A clock at a higher altitude ticks quicker than one at lower altitude, following Einstein’s theory of general relativity. The latest optical lattice clock research jointly conducted by scientists from Japan has proven that time at the Tokyo Skytree observatory at around 450 meters above sea level passes four nanoseconds (one nanosecond is one-billionth of a second) faster per day than at near ground level.
The world’s first successful development of a portable optical lattice clock with high-precision
The experiment was led by Hidetoshi Katori of government-backed research institute Riken’s Quantum Metrology Laboratory and the University of Tokyo. Using a miniaturized version of optical lattice clock, which can accurately measure a period spanning less than a second by up to 18 decimal figures, the team successfully developed the world’s first portable optical lattice clock with 18-digit accuracy. The clock is extremely precise and it only goes out of synch by one second in 16 billion years. The researchers also made the optical lattice clocks insensitive to temperature changes, vibrations and electromagnetic fields.
Clocks in a strong gravitational field will tick slower than those in a field with weaker gravity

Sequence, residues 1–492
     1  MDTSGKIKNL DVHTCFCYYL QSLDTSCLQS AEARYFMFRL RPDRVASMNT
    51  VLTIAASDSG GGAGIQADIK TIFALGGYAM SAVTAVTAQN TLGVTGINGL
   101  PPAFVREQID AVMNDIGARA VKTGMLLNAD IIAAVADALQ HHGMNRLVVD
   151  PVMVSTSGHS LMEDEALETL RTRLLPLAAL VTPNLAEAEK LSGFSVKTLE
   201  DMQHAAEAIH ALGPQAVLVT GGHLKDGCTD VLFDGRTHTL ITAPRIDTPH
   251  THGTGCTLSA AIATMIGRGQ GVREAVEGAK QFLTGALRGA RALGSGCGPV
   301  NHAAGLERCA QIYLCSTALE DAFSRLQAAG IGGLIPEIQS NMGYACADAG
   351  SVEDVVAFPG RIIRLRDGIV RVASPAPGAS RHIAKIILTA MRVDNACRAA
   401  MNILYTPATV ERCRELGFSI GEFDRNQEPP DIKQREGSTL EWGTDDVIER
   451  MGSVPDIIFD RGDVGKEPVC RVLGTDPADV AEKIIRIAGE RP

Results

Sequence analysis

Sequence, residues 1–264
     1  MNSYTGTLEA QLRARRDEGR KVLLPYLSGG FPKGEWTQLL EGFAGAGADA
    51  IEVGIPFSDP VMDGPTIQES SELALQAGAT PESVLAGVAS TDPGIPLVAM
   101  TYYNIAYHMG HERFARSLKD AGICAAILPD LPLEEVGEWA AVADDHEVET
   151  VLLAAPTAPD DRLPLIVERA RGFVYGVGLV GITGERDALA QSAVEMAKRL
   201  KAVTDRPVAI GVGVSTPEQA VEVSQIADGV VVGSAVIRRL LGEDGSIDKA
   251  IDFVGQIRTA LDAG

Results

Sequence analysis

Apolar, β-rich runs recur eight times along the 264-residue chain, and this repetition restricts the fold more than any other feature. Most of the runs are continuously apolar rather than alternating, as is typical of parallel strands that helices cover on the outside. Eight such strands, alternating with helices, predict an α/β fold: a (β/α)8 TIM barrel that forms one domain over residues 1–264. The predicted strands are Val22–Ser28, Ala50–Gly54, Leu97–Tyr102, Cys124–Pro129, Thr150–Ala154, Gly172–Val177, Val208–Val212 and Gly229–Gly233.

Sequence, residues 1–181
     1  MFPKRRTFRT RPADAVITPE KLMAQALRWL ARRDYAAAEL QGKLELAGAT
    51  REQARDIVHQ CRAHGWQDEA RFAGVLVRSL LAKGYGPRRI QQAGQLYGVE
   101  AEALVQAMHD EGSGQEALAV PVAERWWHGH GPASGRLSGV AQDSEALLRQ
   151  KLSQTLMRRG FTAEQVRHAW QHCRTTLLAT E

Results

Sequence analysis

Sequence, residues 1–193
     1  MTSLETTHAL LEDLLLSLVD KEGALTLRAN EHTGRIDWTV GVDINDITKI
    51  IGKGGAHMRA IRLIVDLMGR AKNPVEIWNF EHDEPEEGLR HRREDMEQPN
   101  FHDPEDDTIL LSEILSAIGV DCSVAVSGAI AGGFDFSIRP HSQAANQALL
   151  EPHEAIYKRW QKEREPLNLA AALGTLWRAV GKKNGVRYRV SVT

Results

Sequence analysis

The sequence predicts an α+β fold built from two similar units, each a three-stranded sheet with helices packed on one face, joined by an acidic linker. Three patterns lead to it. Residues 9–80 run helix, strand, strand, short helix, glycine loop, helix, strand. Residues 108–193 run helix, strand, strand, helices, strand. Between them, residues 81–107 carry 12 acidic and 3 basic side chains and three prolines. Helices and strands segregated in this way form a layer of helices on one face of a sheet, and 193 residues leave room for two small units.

Placing one of the clocks 450 meters up from ground level on the tower’s observation deck, and another in a meeting room on the first floor with only 3.6 meters up from ground level, the team was able to confirm that each second at the top of Tokyo Skytree passes approximately four in a hundred-trillionths of a second faster, and successfully verified general relativity on the ground.
The outcome of the research led by Hidetoshi Katori and his team was released on April 6 in the online scientific journal Nature Photonics.
Quantum electronics professor Hidetoshi Katori was awarded Leo Esaki Prize in 2017, to recognize his remarkable achievement in the field of Nano Technology, promotion of Science and Technology, and contribution to the activation of the industry.
Moving experiment to field application in daily life
The team hopes to demonstrate the application of these accurate measurements anywhere outside the laboratory, with transportable devices. This is the first step toward making ultraprecise clocks into real-world devices. The clocks are expected to be used to monitor spatiotemporal changes of geopotential caused by earthquakes or volcanic eruptions which will have an immense impact on future society.